Citric Acid enters, Co2 is released, Hydrogen atoms are produced, 2ATP is produced, Oxaloacetic Acid is produced.

42

Where does the Electron Transport Chain take place?

Mitochondria Cristae

43

What is the first substance to enter the Electron Transport Chain?

Hydrogen

44

What carries Hydrogen into the Electron Transport Chain?

NADs and FADs

45

What do NADS and FADS become when they combined with Hydrogen?

NADH and FADH

46

What happens in the Electron Transport Chain?

Hydrogen in split into Hydrogen ions, which combine with Oxygen to produce H20 and 34 ATP.

47

What is the energy yield of the aerobic system?

1:38
2 ATP from Aerobic Glycolysis
2 ATP from the Kreb's Cycle
34 ATP from the ETC

48

What other substance does the aerobic energy system use as a source/fuel?

Body fat

49

What is the name of the fats that are used in the aerobic system?

Triglycerides (broken down by lipase) into Free Fatty Acids (FFAs)

50

What is thus process known as?

Beta-oxidation

51

What is an advantage of using fats as an energy source?

Much larger quantities of ATP are produced

52

What are the disadvantages of using fats as an energy source?

- Large amounts of oxygen are needed
- It takes a long time
- It can't be relied upon for a sudden burst of high intensity activity

53

Which energy systems contribute to physical activity?

They ALL contribute to ALL physical activity but one is likely to be dominant.

54

What 5 factors contribute towards determining the dominant energy system?

- Duration of activity
- Intensity of activity
- Availability of fuel source
- Availability of oxygen
- The fitness level/physiological adaptations of the performer

55

What is EPOC?

Excess Post-exercise Oxygen Consumption

56

What are the two components of recovery or EPOC?

Fast-Alactacid Recovery/Slow-Lactactic Recovery

57

Which type of exercise has a higher oxygen demand and thus greater EPOC?

Anaerobic rather than Aerobic

58

What are the processes behind alactic debt/recovery?

- Fast recovery and occurs first
- Consumes 1-4L of O2
- Takes 1-3 minutes
- Replenshises blood O2
- Relinks oxygen in the muscle myoglobin
- Replenishes ATP and PC stores

59

What are the processes behind lactic debt/recovery?

- Slower recovery and occurs second
- Consumes 5-8L of O2
- Takes between 1-24 hours
- Removes lactic acid and replenishes glycogen
- Provides energy for ventilation and circulation
- Regulates temperature

60

What are the work:rest ratios in the following scenarios?
- Power/Explosive training
- Lactate threshold
- Aerobic work/Continuous training

- 1:3
- 1:2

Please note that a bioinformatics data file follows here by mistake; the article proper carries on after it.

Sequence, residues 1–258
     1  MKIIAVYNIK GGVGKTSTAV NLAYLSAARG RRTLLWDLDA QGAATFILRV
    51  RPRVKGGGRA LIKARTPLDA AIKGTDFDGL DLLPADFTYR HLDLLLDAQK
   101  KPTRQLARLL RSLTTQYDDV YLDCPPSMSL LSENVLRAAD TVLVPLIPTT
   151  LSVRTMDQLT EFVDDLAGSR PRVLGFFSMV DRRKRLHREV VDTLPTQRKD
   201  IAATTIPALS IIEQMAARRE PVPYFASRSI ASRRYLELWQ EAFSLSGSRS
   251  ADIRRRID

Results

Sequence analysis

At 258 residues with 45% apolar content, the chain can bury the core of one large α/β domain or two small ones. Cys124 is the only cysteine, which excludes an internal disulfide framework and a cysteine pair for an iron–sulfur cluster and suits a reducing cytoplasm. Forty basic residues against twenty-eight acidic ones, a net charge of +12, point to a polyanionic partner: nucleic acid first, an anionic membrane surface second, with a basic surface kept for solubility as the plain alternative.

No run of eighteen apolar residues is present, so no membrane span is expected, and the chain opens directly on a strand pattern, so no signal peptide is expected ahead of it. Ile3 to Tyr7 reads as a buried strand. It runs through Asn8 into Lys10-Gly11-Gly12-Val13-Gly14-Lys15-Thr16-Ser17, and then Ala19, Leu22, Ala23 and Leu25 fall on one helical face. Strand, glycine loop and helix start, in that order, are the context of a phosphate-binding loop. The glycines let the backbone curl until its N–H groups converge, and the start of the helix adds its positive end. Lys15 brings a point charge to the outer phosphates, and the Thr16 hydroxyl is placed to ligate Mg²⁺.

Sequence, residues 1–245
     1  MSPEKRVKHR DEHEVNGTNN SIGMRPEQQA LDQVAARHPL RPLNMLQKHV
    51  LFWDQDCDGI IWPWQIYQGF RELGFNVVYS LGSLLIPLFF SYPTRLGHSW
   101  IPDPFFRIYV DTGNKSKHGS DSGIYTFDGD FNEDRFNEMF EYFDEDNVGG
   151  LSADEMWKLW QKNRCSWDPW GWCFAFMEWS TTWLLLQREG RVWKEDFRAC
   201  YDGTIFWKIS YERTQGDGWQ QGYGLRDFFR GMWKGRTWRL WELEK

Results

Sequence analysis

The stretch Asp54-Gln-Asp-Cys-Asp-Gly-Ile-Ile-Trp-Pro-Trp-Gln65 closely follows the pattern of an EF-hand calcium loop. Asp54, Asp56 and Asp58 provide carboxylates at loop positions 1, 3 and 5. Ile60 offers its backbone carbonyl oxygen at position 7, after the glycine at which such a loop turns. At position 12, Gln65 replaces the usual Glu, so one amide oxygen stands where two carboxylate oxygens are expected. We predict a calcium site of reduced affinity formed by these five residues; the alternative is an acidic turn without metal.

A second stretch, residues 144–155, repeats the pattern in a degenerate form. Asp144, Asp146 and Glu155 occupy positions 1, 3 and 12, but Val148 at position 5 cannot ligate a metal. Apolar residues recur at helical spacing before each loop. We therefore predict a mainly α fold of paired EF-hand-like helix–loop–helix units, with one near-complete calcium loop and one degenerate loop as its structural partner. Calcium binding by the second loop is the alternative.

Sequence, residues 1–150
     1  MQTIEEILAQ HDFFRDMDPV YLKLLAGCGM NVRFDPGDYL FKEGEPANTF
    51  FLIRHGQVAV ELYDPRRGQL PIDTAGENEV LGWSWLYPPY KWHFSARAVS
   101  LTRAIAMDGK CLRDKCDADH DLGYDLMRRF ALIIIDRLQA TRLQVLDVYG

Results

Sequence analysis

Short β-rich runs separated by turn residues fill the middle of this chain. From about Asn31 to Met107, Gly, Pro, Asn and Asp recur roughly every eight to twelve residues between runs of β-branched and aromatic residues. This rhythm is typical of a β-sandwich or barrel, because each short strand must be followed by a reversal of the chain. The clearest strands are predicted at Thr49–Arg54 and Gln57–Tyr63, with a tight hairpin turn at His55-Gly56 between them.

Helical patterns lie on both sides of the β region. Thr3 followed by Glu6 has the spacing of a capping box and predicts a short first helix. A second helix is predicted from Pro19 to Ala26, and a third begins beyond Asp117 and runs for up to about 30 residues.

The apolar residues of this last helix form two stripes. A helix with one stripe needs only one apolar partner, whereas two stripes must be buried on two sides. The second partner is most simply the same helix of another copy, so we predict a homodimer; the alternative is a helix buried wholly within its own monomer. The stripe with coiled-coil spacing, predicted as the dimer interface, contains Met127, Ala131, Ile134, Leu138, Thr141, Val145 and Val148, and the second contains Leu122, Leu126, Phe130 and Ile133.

- 1:1

61

What is the work:rest ratio for plyometric training?

1:5

62

Identify 7 methods for to enhance recovery

- Warm up
- Active recovery (cool down)
- Cooling aids
- Intensity of training
- Work: rest ratios
- Tactics
- Nutrition

63

What height is considered at altitude?

1500m

64

What is the minimum altitude necessary for optimal acclimatisation?

2000m

65

What happens to the partial pressure of oxygen at altitude?

PPO2 is much lower.

66

Identify 6 immediate impacts of altitude on the body (acclimatization).

- Within the first few hours of exposure to altitude
- Blood volume decreases (by up to 25%)
- SV decreases (increasing HR)
- Slightly raises Q (cardiac output)
- Rate of O2 diffusion decrease
- Reduces Hb saturation
- Increases breathing frequency
- Maximal Q, SV and HR decreases

67

What are the three main stages of altitude?

1. Acclimatization
2. Training
3. Recovery

68

What is the immediate impact of altitude on anaerobic performance eg. sprinting, throwing, jumping?

Either UNAFFECTED or performance IMPROVES depending on the event.

69

What is the immediate impact of altitude on aerobic performance?

Performance DETERIORATES

70

Do athletes have to spend the entire time at altitude?

No they can come down from altitude to sleep below an altitude of 300m.

71

What immediate impacts does altitude have on lactic acid production?

Increases lactic acid production as a result of reduced oxygen and induces earlier OBLA.

72

What is the normal human body temperature?

37 Degrees

73

What negative impacts can heat have on the body?

- Fluid loss
- Dehydration
- Reduced O2 to working muscles
- Strain on CV system
- Muscle cramps
- Early fatigue
- Increased mucous production
- Airway constriction
- Decreased volume of gas exchange

74

What is cardiovascular drift caused by?

Dehydration caused by sweating as a result of the body cooling itself (thermoregulation).

This increases blood viscosity (thickness) which causes the heart to work harder to meet oxygen demand.

75

What impact does cardiovascular drift have on the heart?

Increased HR